- Spain Regions
- Balearic Islands
- Asturias & Cantabria
- Basque Country, Navarra & La Rioja
- Extremadura & Castile-La Mancha
- Pyrenees & Aragon
- Valencia & Murcia
Top 10 Experiences
(Spain Trails Selection)
HIGHLIGHTS OF SPAIN
Hotel Rental Car Pre-Programmed GPS Personalized Roadbook Exclusive Guidebook Welcome at the Airport Transfer from / to the Airport Train Tickets Transfers to / from stations 6 Guided Walking Tours Yacht trip Flamenco Show Cooking Class 6 Must-see Monuments Entrance Tickets
Fasten your seatbelt and embark on a fantastic 15-day journey through Spain’s highlights. Starting in Madrid, the capital city with its vibrant life, culture and stunning art museums, then onto Andalusia’s multiculturalism and Moorish heritage, and finishing up in Barcelona, the city that took modernism to the next level. Want to scratch off places like the Alhambra and Sagrada Família of your bucket list? Pack your bags and let’s go!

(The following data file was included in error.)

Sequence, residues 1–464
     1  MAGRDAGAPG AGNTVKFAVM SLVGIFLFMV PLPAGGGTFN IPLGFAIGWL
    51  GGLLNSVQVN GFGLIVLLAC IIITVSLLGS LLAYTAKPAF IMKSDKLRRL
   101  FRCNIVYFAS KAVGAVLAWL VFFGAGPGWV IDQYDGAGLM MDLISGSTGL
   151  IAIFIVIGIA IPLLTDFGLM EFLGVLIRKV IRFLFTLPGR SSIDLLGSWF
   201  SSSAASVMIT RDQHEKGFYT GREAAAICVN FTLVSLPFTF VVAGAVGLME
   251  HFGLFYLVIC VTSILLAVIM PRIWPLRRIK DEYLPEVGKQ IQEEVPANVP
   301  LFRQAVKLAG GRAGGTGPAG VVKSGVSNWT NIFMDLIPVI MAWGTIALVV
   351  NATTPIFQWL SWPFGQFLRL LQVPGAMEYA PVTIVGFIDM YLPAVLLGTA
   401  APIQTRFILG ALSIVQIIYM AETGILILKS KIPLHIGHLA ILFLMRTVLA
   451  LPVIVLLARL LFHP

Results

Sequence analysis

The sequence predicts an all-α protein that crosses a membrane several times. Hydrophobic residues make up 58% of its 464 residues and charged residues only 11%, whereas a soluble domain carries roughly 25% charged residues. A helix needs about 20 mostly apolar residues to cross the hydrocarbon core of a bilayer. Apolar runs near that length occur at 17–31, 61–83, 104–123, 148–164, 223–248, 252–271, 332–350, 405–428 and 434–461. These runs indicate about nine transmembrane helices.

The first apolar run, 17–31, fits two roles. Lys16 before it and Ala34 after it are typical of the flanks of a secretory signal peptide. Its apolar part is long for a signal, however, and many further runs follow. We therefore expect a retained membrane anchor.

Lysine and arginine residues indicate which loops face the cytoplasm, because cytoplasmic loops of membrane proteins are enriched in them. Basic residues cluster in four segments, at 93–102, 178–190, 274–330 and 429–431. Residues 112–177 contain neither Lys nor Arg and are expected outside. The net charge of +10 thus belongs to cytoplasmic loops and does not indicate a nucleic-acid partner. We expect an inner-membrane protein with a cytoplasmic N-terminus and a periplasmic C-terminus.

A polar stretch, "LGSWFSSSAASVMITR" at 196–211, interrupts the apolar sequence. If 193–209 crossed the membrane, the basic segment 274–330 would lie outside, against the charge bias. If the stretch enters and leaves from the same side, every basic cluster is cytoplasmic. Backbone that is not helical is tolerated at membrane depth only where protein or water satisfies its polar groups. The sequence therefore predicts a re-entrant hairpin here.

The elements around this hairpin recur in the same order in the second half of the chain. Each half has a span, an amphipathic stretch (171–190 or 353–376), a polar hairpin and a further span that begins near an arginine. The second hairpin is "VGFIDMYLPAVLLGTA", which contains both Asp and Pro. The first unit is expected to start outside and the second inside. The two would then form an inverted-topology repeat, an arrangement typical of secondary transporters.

The Spanish mainland is located in the south-western corner of the continent of Europe, sharing the Iberian Peninsula with Portugal. It is much larger than its neighbour to the west and almost wholly surrounded by sea, with its only frontiers with Portugal to the west and with France to the north-east. To the north and south-west (as far as Gibraltar), it borders the Atlantic, while the rest of its coast is on the Mediterranean. Although its highest mountains – the Sierra Nevada – are in the south, that is actually the least mountainous region in a country that boasts some impressive ranges, such as the Pyrenees and the Picos da Europa, as well as the Meseta Central, a high plateau area. Madrid, the capital and largest city, is located on this plateau. Barcelona, the second largest city, is on the Mediterranean coast, a little further north. Although many rivers spring from Spain’s mountains, three of the largest flow into Portugal: the Tagus (known here as the Tajo, in Portugal as the Tejo), Iberia’s largest river, the Duero (or Douro) in the north, and the Guadiana in the south. The Guadalquivir, also in the south, and the Ebro, in the north-east, flow throughout their length through Spanish territory, with the latter ending in Catalonia in the stunning Delta de l’Ebre, as it is known locally. The climate varies with the geography, but overall Spain may be said to have a temperate climate, with greater extremes in areas of higher altitude and high summer temperatures in drier areas such as Murcia and Andalusia.
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